79 pct of S. Koreans want surveillance cameras in hospital operating rooms: poll

SEOUL– Nearly 8 out of 10 South Koreans believe surveillance cameras should be installed in hospital operating rooms, a poll showed Monday. According to the survey conducted by Realmeter on…

Moon picks new Cheong Wa Dae secretaries for political affairs, youth affairs, education

SEOUL– President Moon Jae-in nominated Kim Han-kyu, a lawyer and rookie politician, as his new secretary for political affairs Monday. Having worked as a legal counsel for the ruling Democratic…

Prosecutors recommend ex-Busan mayor get 7 years in prison for sexual assault

BUSAN– Prosecutors asked a judge to sentence former Busan Mayor Oh Keo-don to seven years in prison for sexual assault in the workplace. Oh is accused of sexually assaulting two…

U.S. envoy hopes N. Korea will accept offer to meet ‘anytime, anywhere without preconditions’

SEOUL– The United States has offered to meet with North Korea “anywhere, anytime without preconditions” and looks forward to a positive response from Pyongyang, the new U.S. special envoy for…

Samsung Display workers launch 1st strike in company history

SEOUL– Representatives of the labor union at Samsung Display Co. on Monday launched their first-ever strike after failing to reach a compromise on a wage hike, and the walkout marks…

SEOUL– South Korea’s state-run energy firm on Monday said it has decided to retain the electricity rate in the third quarter of 2021, in a bid to ease the financial burden on local households amid the pandemic and rising inflation. The Korea Electric Power Corp. (KEPCO) said it will maintain the electricity rate from the previous quarter during the July-September period despite the recent hike in the global price of resources. The company, however, said it may raise costs in the fourth quarter should the global price of resources continue to gather ground. KEPCO adopted flexible electricity rates linked to global fuel prices this year, in a move to improve its profitability. South Koreans were previously charged under a fixed-rate electricity billing system. Under the current system, the billing system of electricity is revised every three months, depending on movements in the global price of liquefied natural gas, coal and crude oil. Shares in KEPCO closed at 25,050 won (US$22) on the main bourse, down 6.88 percent from the previous session. The main index lost 0.83 percent. The announcement was made before the market opened on Monday. Source: Yonhap News Agency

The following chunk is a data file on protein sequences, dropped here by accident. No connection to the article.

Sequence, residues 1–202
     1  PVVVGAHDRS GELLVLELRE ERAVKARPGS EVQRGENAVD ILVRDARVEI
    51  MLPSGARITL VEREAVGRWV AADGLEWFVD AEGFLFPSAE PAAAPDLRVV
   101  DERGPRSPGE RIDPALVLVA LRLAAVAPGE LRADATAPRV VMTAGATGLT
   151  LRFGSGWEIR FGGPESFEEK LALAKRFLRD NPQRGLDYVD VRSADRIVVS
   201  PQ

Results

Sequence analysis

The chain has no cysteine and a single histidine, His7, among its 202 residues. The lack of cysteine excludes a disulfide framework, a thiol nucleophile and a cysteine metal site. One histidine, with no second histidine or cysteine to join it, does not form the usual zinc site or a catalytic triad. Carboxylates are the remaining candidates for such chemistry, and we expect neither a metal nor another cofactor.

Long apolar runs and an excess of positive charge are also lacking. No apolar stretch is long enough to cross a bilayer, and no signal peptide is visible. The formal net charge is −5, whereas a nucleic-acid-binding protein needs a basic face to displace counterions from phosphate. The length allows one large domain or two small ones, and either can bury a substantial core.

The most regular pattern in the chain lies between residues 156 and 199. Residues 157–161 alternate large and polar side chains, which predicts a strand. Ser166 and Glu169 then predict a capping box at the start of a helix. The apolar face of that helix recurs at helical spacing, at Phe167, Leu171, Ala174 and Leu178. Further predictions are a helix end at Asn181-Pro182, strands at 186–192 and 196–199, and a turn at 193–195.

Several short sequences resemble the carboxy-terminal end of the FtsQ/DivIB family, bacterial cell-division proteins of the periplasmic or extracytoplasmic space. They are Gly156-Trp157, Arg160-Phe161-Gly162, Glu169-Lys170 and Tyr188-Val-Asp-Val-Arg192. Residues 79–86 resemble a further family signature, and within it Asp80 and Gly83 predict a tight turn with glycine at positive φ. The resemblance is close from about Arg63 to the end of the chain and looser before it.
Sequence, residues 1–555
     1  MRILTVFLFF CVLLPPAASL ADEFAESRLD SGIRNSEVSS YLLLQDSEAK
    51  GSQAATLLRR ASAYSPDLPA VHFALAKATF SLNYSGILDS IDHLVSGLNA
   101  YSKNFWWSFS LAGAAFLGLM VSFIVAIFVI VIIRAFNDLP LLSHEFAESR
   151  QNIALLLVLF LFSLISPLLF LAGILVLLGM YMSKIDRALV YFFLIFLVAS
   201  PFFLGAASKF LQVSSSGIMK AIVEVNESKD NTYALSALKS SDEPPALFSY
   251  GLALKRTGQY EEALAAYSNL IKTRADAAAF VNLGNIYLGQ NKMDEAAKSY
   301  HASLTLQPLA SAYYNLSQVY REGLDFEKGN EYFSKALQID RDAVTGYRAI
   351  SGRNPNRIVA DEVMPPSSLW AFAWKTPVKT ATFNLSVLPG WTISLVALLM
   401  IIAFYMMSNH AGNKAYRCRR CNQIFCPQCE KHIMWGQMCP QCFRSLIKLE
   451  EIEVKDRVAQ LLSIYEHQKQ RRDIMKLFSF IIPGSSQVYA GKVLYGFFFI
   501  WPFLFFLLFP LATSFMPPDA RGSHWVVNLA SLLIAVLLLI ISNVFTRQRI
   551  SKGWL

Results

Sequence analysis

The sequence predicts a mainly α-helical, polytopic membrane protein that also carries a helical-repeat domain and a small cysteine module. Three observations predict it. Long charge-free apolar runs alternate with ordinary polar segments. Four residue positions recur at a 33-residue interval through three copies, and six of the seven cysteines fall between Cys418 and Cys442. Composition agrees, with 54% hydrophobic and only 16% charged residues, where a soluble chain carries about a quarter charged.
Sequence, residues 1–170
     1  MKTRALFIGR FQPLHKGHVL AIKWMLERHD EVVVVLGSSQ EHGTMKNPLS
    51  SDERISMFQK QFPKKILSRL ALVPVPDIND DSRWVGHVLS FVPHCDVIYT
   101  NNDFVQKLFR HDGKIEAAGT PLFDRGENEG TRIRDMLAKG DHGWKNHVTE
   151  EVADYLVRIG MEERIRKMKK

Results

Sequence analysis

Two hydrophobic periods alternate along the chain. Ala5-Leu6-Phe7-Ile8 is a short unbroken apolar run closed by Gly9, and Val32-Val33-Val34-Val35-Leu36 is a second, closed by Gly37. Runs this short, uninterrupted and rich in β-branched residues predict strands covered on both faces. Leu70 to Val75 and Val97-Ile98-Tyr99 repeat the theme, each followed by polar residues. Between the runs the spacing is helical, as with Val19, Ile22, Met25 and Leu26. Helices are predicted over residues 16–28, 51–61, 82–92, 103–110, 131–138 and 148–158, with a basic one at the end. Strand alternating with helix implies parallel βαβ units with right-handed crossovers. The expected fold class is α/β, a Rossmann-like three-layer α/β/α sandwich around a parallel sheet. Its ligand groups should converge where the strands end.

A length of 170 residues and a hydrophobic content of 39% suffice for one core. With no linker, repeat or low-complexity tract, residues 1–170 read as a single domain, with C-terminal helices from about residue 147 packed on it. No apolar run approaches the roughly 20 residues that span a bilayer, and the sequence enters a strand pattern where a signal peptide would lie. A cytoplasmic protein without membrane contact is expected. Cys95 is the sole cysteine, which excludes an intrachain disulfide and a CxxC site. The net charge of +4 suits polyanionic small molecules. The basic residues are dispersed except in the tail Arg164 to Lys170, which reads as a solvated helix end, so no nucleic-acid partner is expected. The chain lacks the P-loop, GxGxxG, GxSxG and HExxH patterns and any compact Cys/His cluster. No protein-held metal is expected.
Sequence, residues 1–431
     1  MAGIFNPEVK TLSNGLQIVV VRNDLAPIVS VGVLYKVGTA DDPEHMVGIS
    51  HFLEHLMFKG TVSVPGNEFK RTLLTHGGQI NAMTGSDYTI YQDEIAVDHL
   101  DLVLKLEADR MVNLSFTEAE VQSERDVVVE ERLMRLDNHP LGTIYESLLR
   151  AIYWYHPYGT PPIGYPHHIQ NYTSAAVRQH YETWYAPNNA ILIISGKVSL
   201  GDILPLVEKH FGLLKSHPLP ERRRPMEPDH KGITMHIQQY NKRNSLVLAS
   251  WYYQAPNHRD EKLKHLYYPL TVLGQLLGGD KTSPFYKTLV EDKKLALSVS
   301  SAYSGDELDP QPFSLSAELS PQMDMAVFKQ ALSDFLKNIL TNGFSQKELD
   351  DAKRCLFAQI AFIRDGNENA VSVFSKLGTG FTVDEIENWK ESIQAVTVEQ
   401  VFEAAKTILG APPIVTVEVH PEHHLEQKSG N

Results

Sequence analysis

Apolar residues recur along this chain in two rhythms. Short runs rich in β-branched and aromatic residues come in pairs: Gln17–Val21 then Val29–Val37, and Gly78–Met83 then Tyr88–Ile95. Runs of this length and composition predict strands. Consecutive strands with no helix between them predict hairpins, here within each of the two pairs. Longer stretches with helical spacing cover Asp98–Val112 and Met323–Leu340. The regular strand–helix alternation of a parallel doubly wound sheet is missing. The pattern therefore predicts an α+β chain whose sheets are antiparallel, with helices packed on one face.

SEOUL– South Korea’s state-run energy firm on Monday said it has decided to retain the electricity rate in the third quarter of 2021, in a bid to ease the financial…

Violinist renders opera, ballet numbers in a language of her own

SEOUL– Prolific violinist Kim Bomsori said Monday that her latest album is aimed at translating famous opera and ballet numbers into her own language of the string and presenting herself…

Air Force officer indicted for sexual harassment of female colleague

SEOUL– An Air Force noncommissioned officer was indicted on charges of sexually harassing a female colleague, which led her to take her own life, the defense ministry said Monday. The…

S. Korea, Japan hold working-level talks on wartime history, other issues

SEOUL– South Korea and Japan held working-level talks in Seoul on Monday to discuss a prolonged row over wartime sexual slavery, forced labor and other pending issues, the foreign ministry…

LG Electronics launches 83-inch OLED TV

LG Electronics Inc. said it has launched an 83-inch OLED TV as the South Korean tech giant tries to beef up its presence in the premium TV market, Trend reports…